Once you’ve managed to fill your silo with enough barley to keep the nation drunk through the Second Coming (or enough soybean to keep hipsters in edamame through the robot uprising – I’ve got a million of ’em), it’s time to open up the menu and see what market trends around town are doing. Drive your product to whoever’s offering the best price (the town is big and lively but I couldn’t find a picture that did it justice), unload the tipper and watch the money roll in. You can also use market trends to sow in-demand crops and make extra cash. Of course this cash is used to restock your seed pallets, pay the bills, upgrade your equipment, buy more land around town and pay hired hands (AI-based). Yes, if you want to multitask, you can begin one of the field-based tasks and hire a worker to finish it while you get to something else. I took a contract (from which there are dozens to choose) and spent an hour and a half this afternoon having an AI harvest eight or nine hectares of wheat with the harvester’s pipe out while I drove next to her collecting it in my tipper. Whenever I filled up, I ran it to the grain elevator and dumped it for our client then returned to her to collect more. When the field was done we pulled in something like $8,500 and I’d paid her $1,500 along the way. It was great.
If contracting isn’t your thing and neither is working your own land – whether alone or with an AI friend or two helping – there’s nothing to worry about. There’s an entire forestry system to level trees and move them to sawmills for profit. Or once you’ve earned some cash, you can buy an animal pen and raise cows, horses, pigs, sheep and other livestock. Feed them, give them water, keep them clean and keep them happy and before you know it…well, you’ll have a lot more animals around. Milk the cows, shear the sheep, take the horses for a ride – you can even capture their manure for fertilizer and slurry or feed them hay from the bales you can create after harvesting crops to save money. There’s also a multiplayer mode in which you can team up with other farmers and cooperate to finish tasks more quickly, as well as a bevy of mods on the way that include new vehicles and classic maps.
So what’s the catch? Well, most of the game is done very well and very thoroughly, but unfortunately that tends to shine a spotlight on the areas in which it isn’t. For example, there are over 300 vehicles and pieces of equipment to use on your farm from over 100 real companies and they all hum and rattle and roar just as you’d hope…but the in-game music is practically nonexistent aside from the in-vehicle radio chock full of lackluster tunes I’m happy to forget. And don’t turn on the radio, because after every song, the entire game hangs for nearly a half a second while it loads the next music file. Likewise, the detail and realism on the farm equipment and the soil textures are a treat but the distant hills and oceans would’ve been eyesores a decade ago. You can customize more parts and colors on your tractors than you can your character, which I guess is to be expected but as I said it makes the limitations of character creation stand out. Finally, during the day the light transitions go pretty well, but once the sun starts to set, it looks like the game world just suddenly gets 20% darker once every 30-45 minutes (in-game time).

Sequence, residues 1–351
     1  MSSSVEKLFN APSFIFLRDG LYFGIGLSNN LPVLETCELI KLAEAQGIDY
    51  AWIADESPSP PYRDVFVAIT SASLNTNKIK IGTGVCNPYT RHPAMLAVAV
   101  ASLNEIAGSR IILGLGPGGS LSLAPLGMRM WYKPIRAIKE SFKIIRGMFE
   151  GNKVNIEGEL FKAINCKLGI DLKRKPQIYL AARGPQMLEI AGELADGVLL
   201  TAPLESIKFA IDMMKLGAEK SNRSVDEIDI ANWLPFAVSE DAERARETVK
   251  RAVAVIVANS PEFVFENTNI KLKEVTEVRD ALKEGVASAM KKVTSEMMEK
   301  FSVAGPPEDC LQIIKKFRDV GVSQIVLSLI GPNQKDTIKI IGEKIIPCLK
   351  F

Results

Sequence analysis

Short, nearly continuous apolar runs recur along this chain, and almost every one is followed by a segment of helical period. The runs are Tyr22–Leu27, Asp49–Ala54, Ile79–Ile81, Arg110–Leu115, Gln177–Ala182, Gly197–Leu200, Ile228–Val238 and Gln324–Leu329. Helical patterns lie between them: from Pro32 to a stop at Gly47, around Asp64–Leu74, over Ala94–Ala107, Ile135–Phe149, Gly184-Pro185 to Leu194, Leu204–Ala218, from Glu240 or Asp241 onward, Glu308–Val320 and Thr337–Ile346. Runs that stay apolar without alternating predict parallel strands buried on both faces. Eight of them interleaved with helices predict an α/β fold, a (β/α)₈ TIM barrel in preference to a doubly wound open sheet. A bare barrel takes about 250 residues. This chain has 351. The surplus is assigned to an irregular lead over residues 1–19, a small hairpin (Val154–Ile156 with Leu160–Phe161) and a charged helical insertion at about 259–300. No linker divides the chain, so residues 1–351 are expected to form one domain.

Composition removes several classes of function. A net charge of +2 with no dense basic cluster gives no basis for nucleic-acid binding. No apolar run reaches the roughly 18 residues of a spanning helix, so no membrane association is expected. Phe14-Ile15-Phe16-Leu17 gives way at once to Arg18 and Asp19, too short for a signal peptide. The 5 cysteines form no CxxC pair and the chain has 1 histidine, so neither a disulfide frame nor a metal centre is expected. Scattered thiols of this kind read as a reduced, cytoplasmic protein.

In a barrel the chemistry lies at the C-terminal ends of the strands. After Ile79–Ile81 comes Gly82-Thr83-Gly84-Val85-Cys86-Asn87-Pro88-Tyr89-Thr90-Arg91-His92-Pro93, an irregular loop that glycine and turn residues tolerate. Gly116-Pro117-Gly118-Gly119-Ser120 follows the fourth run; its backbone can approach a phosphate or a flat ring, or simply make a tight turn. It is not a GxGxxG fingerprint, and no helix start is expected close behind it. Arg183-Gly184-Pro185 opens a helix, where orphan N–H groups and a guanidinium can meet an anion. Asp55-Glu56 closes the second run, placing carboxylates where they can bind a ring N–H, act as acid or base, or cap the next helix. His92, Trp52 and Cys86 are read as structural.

Farming Simulator 19 can be a bit of a mixed bag, but the good does outweigh the bad three to one. If I had my druthers, I’d like to see Giants Software spend a bit more time on the ambiance of the game (the background world, the music, the character creation) and up the intricacy of the out-of-vehicle portions of the game. For example, going on sales calls with my father in the ’90s, I can honestly say that the people he sold to were the friendliest and most colorful characters you could hope to meet, but in this game, the other farmers, crop buyers and stores are reduced to words on the screen. Red Dead Redemption 2 did a great job of livening up shop visits this year and if Farming Simulator 19 did something similar it would go a very long way. But despite being less action-packed, the important thing is that this is about earning an honest day’s pay for an honest day’s work. It’s peaceful and it celebrates the green.
Simulators encourage us to slow down as we learn to pilot spaceships and airplanes and combine harvesters. Through them we observe the beauty of the galaxy and the majesty of the open sky – and in this title, to paraphrase JRR Tolkien, the peace found in good tilled earth and things that grow. After I put 10 or 15 hours (real time) into the game, my wife asked me if it was like Farmville. I said “No, it’s like being out on the road with my dad again, like when I was a kid.” And that’s a compliment. Here’s to you, Greg. I’m giving Farming Simulator 19 a 7.5 out of 10.
Disclaimer: AIR Entertainment was given a review copy of this game by publisher Focus Home Interactive.